Turkey’s President Erdogan just declared a 3 month State of Emergency. So what does it actually mean? Key points/summary below. For a more detailed version, see the source here
- The State of Emergency cannot exceed 6 months
- It can be extended by 4 months at a time, each time by approval of parliament
- Decrees (ie law) issued under state cannot be contested as unconstitutional by the Constitutional Court (to put another way the Constitutional Court cannot question constitutionality of decrees declared under State of Emergency – it is not a time of civilian rule so rules suspended).
- Martial law can be enacted during period of state of emergency (can also exist exclusively depending under which Article emergency invoked- Articles 119 or 120 – check again the link above)
- Fundamental rights may be partially/entirely suspended (which is almost identical to Article 15 of European Convention of Human Rights)
- Important: no one can be held guilty until so proven by court judgement (meaning there are protective civil liberty elements within the Constitutions Article 15)
- However under State of Emergency, fundamental rights are not under the control of the judiciary (ie, again there is a parliamentary check on this)
- There cannot be amendments made to law during a State of Emergency, these can only be made after end of the State of Emergency per regular parliamentary procedure (ie Parliament has to approve).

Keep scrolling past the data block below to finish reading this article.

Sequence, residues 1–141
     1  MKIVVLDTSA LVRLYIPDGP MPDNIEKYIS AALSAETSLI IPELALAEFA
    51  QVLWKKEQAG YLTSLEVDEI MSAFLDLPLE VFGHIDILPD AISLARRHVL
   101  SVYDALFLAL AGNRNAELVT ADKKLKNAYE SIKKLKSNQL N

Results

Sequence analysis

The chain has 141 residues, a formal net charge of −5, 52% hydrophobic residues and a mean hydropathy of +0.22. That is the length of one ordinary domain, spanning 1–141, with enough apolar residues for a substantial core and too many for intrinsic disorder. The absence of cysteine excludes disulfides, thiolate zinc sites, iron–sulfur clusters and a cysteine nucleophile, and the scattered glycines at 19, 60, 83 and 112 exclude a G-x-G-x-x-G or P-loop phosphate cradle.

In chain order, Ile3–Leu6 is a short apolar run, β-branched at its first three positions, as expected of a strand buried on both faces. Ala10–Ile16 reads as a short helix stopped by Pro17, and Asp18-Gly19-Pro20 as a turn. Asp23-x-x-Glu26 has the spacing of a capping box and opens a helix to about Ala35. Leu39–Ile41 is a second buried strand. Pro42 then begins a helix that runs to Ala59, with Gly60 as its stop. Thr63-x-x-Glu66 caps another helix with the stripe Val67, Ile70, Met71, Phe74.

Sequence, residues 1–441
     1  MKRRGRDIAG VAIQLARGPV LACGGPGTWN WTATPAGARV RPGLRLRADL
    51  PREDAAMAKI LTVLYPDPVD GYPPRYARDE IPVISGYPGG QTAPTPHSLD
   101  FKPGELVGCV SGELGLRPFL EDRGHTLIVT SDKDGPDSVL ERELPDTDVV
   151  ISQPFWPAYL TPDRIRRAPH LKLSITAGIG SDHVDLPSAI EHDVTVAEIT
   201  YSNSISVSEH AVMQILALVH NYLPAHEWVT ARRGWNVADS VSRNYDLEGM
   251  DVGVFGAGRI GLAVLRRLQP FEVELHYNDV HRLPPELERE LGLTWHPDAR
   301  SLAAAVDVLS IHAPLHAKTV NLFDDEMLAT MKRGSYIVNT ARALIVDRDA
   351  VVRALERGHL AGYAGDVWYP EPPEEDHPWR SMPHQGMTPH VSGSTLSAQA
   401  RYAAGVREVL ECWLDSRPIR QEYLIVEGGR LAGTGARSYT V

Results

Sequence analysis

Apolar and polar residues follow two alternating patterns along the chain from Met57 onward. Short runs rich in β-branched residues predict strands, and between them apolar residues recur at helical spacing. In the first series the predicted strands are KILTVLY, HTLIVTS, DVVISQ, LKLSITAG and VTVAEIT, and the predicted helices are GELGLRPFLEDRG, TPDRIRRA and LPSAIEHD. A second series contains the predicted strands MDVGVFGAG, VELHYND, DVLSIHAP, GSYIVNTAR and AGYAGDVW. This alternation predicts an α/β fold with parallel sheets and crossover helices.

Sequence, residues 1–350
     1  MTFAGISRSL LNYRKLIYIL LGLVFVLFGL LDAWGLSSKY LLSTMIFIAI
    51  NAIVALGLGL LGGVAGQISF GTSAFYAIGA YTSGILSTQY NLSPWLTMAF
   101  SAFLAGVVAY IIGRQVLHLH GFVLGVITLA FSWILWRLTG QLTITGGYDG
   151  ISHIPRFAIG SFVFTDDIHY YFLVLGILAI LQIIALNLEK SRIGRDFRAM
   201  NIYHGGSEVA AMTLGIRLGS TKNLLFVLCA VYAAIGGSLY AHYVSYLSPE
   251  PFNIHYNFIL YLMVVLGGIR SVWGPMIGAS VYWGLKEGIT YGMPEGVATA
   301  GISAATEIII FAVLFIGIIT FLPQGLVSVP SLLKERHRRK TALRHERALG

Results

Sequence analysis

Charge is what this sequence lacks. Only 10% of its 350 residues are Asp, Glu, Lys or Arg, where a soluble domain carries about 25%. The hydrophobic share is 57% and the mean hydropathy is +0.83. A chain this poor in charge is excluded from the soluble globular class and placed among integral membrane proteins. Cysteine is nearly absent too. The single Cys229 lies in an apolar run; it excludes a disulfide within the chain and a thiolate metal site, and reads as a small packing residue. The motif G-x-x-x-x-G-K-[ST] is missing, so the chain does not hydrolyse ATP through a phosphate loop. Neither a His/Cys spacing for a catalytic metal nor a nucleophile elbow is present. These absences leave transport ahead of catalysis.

Interpretation: While on surface this may appear alarming there are robust checks under the State of Emergency to protect civil liberties. Also, there was a 15 year state of emergency between 1987-2002 in some parts of Turkey, so this has occurred in recent memory. The ‘shock’ comes from evaluating Turkish democratic standards with those of a developed Western liberal democracy and the freedoms that entails. Turkey is still considered a developing country in some respects, and it is not Western, but it is also not to be equated with various Middle Eastern regimes permeated by military or dynastic rule. Some angst comes from the panic that it will defer to the latter, particularly when considering Turkey has made resounding economic, democratic and human developed leaps in the past decade to distinguish itself from undemocratic, undeveloped regimes/areas. Concerns remain in other areas namely freedom of assembly, press and the economic slowdown not just from the past days but recent years.
What we do not yet know/questions:
- Will there be curfews? We don’t know, it hasn’t been announced
- Didn’t they sack all the judges? No, 2745 judges have been removed (as of 2013 there were over 12,000 judges in Turkey and incidentally more than half were women).
- Are you scared? No, but concerned. These measures can be enacted during a natural disaster or economic crisis (Article 119) or during widespread acts of violence and serious deterioration of public order (Article 120). Concern comes from the status quo being living under a non state of emergency. The status quo would be to be living under regular civilian law. What it means beyond today’s announcement is uncertain. Follow me on Twitter for regular updates.